Parameter followed for biodegradation estimation:
CO2 evolution
Details on study design:
The test medium was a modified biochemical oxygen demand (BOD) test dilution water and was prepared using high quality water. The test chambers were amber 4-liter bottles. The air entering the chambers was passed through Drierite to remove ambient moisture and then through Ascarite to produce CO2 free air. The air exiting the test chambers was passed through a series of three gas washing bottles, each containing approximately 100 mL of 0.5 N KOH to trap the CO2 that had evolved within the chamber. An additional set of gas washing bottles that were not connected to a chamber were maintained concurrently with the traps connected to the chambers. These bottles contained approximately 100 mL of 0.5 N KOH and the amount of CO2 detected in the KOH solution was subtracted from the CO2 in the blank control traps to determine the amount of CO2 produced by the
inoculum in the blank control. The test was conducted at 20±3ºC. Magnetic stir bars and stir plates were used to mix the contents of the test chambers. All chambers were aerated with CO2-free air for approximately 24 hours at a rate of 50 to 100 mL per minute to purge the systems of CO2. After the aeration period, the flow of CO2-free air was stopped, and three CO2 traps, each containing approximately 100 mL of 0.5 N KOH, were connected to the exit air lines of each chamber. Sufficient volumes of reference substance stock solution to achieve a nominal concentration of 10 mg C/L were added to the appropriate chambers. Sufficient volumes of test substance stock solution to achieve a nominal concentration of approxiamtely10 mg C/L were added to the appropriate chambers. The final volume within all chambers was brought up to 3000 mL by the addition of NANOpure water and the airflow was restarted on the system. The biodegradation test was started by bubbling CO2-free air through each of the test chambers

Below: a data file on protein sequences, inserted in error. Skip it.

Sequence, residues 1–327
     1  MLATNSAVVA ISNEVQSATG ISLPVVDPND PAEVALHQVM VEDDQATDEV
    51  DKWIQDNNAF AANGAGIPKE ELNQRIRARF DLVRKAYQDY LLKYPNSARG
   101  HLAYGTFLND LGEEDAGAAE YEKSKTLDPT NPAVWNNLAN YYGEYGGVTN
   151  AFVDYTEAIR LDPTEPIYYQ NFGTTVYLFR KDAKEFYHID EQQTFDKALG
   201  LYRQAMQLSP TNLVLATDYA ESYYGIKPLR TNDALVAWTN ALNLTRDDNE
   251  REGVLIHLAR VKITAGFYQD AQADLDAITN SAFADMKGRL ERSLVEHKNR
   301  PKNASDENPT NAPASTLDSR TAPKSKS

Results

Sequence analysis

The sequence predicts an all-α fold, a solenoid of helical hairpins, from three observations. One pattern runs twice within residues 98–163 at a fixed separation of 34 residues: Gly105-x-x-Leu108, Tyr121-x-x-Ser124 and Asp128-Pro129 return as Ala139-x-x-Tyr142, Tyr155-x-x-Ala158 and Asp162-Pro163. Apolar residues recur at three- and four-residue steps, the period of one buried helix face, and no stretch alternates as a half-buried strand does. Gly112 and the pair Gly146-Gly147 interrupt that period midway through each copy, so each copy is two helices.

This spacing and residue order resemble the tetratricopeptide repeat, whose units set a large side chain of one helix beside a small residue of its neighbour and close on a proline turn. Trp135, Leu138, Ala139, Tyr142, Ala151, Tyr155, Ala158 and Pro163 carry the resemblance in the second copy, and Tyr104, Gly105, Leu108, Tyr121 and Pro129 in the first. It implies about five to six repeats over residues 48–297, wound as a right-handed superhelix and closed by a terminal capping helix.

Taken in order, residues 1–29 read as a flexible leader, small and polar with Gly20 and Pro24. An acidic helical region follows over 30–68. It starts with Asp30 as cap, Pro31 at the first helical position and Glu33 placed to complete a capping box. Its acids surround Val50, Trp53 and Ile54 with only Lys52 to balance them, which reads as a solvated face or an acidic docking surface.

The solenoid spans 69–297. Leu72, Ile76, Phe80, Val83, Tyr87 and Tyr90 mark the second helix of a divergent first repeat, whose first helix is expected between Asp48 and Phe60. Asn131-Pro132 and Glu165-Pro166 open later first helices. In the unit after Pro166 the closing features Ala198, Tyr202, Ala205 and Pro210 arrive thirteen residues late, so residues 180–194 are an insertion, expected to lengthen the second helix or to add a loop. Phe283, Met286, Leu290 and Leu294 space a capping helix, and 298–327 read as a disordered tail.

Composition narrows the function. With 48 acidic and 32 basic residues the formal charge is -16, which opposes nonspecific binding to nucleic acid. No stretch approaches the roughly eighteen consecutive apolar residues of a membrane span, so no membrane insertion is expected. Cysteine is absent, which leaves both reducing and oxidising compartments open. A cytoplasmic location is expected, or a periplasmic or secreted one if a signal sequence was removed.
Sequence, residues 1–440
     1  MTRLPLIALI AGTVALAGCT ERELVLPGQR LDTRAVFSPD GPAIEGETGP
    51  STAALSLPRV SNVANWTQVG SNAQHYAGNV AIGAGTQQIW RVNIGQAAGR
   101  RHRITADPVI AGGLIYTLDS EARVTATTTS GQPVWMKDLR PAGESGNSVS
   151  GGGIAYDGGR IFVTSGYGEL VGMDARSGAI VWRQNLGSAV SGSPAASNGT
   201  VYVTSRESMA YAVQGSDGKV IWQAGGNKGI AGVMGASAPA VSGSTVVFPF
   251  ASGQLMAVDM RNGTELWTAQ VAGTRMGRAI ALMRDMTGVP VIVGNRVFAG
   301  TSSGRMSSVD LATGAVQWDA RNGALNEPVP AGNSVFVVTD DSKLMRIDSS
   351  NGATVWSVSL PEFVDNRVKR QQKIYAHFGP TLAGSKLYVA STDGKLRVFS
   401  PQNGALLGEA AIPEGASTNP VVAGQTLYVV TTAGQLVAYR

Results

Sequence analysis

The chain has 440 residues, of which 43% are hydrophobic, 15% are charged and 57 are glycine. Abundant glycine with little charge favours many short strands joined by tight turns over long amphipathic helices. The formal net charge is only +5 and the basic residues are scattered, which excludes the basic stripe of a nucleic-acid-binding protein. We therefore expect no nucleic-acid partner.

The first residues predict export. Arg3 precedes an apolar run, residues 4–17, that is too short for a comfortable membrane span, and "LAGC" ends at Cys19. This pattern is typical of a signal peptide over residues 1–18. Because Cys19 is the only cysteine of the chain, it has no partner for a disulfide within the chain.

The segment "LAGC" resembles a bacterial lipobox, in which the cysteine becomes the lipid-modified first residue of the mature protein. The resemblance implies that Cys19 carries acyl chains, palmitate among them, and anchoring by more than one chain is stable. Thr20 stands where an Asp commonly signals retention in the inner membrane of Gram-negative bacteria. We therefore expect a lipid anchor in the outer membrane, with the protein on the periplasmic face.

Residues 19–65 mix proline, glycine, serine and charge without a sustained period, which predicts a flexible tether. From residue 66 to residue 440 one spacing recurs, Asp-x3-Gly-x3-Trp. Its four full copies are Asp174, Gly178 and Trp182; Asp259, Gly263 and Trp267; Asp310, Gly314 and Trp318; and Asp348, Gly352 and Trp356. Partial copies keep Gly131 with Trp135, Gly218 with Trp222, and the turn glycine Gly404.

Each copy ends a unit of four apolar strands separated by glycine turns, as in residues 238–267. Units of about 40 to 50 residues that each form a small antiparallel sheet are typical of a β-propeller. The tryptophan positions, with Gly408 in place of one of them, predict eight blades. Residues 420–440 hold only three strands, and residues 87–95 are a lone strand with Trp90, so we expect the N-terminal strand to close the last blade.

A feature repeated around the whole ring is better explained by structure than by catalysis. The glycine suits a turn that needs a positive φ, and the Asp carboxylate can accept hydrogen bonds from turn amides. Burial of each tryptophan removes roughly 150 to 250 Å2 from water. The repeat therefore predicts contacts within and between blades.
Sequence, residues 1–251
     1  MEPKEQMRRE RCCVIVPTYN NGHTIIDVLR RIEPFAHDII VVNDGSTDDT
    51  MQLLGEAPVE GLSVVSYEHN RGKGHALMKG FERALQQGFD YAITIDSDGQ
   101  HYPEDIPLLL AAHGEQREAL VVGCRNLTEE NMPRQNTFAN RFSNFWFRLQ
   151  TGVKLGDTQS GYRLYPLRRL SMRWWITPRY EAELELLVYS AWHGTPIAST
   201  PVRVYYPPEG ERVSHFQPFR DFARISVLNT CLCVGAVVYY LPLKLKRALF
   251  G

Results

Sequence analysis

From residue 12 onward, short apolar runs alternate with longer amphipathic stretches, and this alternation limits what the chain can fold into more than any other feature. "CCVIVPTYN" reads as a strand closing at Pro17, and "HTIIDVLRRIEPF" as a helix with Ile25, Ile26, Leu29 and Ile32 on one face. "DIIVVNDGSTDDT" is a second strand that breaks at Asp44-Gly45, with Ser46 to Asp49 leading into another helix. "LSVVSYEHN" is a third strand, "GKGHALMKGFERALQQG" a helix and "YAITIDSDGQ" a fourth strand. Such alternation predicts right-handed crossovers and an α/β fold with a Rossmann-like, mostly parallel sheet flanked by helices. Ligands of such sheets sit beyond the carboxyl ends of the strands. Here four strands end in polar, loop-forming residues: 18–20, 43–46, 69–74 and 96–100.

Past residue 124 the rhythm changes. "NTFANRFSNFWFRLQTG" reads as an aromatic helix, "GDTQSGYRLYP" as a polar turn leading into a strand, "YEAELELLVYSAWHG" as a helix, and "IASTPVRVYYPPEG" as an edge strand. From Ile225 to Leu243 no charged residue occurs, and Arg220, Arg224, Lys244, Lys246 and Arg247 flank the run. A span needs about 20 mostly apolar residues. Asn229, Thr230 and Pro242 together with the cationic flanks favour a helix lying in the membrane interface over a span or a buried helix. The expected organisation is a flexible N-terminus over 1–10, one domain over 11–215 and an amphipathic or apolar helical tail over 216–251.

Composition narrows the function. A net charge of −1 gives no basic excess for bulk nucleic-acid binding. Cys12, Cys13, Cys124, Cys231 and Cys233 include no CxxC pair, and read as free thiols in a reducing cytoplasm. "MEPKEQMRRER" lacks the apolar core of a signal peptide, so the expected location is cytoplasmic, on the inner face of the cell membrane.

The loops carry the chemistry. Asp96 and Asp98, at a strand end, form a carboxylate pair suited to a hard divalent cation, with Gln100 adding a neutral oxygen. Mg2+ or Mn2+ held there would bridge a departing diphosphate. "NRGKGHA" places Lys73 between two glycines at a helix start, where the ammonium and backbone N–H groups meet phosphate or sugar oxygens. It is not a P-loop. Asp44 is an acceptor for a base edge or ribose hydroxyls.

at a rate of 50 to 100 mL per minute. The CO2 produced from the degradation of organic carbon sources within the test chamber was trapped as K2CO3 in the KOH solution and the amount of inorganic carbon in the trapping solution was measured at various intervals during the study, using a